In the context of chronic disease models, age is an important driver of most transition probabilities. This means that age is an essential part of the state, and the number of states in these models will always be large. Analytical solutions therefore will not usually be feasible, and simulation is required. This can be done by stepping through time and updating the percentage of the population in each state at each time step. However, when the number of states is large, it becomes more efficient to simulate using microsimulation. In microsimulation a large number of individuals is simulated over time. When transition events are relatively rare, this can be done by discrete event simulation, where the time to each possible event is randomly drawn (using the transition probabilities) and the time of the earliest event drawn defines the moment of transitioning to the next state ((Robinson, 2005). At that point a new event is drawn and so on. However, when events are frequent or risk factors take continuous values, as well as when transition probabilities depend on age (or another factor changing with time such as time since diagnosis), microsimulation is better done by stepping through time with fixed time steps while calculating the new state at each time step (also known as “continuous simulation”; Özgün & Barlas, 2009). Note that a model simulated with macrosimulation can always also be simulated using microsimulation. Furthermore, approaches can be combined by applying macro- and microsimulation to different parts of the model (Boshuizen et al., 2012). Other approaches to estimate Markov models with many states is to approximate the joint distribution of states by modeling just the marginal distributions (Hoogenveen, van Baal, & Boshuizen, 2010).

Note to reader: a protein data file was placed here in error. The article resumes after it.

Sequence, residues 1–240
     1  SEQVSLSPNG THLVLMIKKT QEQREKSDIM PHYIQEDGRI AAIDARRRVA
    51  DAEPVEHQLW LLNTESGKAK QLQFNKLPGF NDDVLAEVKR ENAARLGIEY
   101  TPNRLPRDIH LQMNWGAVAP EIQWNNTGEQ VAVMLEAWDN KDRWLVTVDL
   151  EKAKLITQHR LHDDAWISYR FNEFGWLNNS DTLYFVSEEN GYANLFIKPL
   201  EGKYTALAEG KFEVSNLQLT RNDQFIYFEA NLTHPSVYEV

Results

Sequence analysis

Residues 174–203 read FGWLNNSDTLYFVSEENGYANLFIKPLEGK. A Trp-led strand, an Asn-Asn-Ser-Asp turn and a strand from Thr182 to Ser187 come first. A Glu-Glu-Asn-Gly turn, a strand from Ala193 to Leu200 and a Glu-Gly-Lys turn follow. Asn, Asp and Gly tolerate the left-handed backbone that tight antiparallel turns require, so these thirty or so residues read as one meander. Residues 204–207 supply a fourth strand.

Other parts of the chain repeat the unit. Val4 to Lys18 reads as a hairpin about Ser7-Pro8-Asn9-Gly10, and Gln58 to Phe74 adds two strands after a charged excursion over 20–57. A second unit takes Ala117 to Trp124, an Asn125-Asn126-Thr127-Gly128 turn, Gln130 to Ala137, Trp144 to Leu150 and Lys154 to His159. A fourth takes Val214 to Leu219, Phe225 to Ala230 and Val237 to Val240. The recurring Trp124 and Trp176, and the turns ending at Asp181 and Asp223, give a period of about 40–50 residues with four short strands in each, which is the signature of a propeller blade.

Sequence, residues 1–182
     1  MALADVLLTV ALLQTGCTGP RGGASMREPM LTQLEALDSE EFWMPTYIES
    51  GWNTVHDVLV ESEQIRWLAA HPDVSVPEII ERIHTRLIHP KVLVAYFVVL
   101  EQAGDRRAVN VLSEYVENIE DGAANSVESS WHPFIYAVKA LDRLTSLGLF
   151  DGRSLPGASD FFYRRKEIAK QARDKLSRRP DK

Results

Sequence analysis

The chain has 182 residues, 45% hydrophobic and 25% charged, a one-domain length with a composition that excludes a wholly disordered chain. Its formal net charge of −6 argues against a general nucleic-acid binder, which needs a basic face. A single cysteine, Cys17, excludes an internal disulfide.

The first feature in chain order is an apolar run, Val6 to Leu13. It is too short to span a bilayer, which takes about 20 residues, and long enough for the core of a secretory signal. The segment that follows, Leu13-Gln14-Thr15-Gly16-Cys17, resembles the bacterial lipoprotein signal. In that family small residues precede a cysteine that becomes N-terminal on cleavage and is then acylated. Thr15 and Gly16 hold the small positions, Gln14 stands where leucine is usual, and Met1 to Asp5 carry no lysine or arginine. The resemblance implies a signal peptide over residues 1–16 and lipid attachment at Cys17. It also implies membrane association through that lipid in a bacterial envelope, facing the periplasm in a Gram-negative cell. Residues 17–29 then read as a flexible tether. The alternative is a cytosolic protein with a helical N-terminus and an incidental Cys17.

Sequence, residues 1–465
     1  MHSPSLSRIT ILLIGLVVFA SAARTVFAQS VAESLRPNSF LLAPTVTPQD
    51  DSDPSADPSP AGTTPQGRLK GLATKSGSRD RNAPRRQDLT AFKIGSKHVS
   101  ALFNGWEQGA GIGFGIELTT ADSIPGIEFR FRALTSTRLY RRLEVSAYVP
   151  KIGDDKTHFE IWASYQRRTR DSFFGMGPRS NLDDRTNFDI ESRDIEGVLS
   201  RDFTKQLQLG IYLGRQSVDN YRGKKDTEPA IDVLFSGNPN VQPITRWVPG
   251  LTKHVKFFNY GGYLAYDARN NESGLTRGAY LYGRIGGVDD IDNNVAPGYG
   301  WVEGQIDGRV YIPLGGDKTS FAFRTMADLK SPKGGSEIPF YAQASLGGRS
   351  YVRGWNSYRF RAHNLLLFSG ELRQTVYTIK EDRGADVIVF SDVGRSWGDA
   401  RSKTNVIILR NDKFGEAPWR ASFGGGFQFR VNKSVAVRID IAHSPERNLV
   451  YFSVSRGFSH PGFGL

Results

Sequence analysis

In practice, “populating” such state-based models with realistic transition probabilities between all states and the initial distribution over all states is no trivial task. Therefore, despite the conceptual attractiveness of this type of models, there are other types of models that need less detailed information. These important types of models are called PIF-based models. The population to be modeled is divided in age/gender groups, and each group has its own exposure distribution. The exposure distribution is used to calculate the PIF of an intervention. The PIF is calculated as